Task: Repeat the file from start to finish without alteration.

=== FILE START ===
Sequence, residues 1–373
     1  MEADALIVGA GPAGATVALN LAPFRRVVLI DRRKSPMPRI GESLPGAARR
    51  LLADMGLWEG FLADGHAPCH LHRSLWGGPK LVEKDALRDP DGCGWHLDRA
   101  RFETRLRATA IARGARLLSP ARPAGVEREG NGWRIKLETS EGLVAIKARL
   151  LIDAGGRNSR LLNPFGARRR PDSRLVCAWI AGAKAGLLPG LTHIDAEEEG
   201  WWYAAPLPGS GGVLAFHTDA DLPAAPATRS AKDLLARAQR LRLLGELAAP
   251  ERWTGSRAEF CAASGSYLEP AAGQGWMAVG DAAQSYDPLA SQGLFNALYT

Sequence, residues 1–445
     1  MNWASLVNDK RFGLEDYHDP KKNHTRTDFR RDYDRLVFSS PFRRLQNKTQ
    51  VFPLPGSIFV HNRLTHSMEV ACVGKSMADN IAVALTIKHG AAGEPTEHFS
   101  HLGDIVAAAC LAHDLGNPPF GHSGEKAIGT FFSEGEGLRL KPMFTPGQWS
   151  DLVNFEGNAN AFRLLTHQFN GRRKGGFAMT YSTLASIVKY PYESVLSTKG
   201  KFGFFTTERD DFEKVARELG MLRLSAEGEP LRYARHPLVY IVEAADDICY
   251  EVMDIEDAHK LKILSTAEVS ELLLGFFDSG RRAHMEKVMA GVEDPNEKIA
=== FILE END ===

Sequence, residues 1–373
     1  MEADALIVGA GPAGATVALN LAPFRRVVLI DRRKSPMPRI GESLPGAARR
    51  LLADMGLWEG FLADGHAPCH LHRSLWGGPK LVEKDALRDP DGCGWHLDRA
   101  RFETRLRATA IARGARLLSP ARPAGVEREG NGWRIKLETS EGLVAIKARL
   151  LIDAGGRNSR LLNPFGARRR PDSRLVCAWI AGAKAGLLPG LTHIDAEEEG
   201  WWYAAPLPGS GGVLAFHTDA DLPAAPATRS AKDLLARAQR LRLLGELAAP
   251  ERWTGSRAEF CAASGSYLEP AAGQGWMAVG DAAQSYDPLA SQGLFNALYT

Sequence, residues 1–445
     1  MNWASLVNDK RFGLEDYHDP KKNHTRTDFR RDYDRLVFSS PFRRLQNKTQ
    51  VFPLPGSIFV HNRLTHSMEV ACVGKSMADN IAVALTIKHG AAGEPTEHFS
   101  HLGDIVAAAC LAHDLGNPPF GHSGEKAIGT FFSEGEGLRL KPMFTPGQWS
   151  DLVNFEGNAN AFRLLTHQFN GRRKGGFAMT YSTLASIVKY PYESVLSTKG
   201  KFGFFTTERD DFEKVARELG MLRLSAEGEP LRYARHPLVY IVEAADDICY
   251  EVMDIEDAHK LKILSTAEVS ELLLGFFDSG RRAHMEKVMA GVEDPNEKIA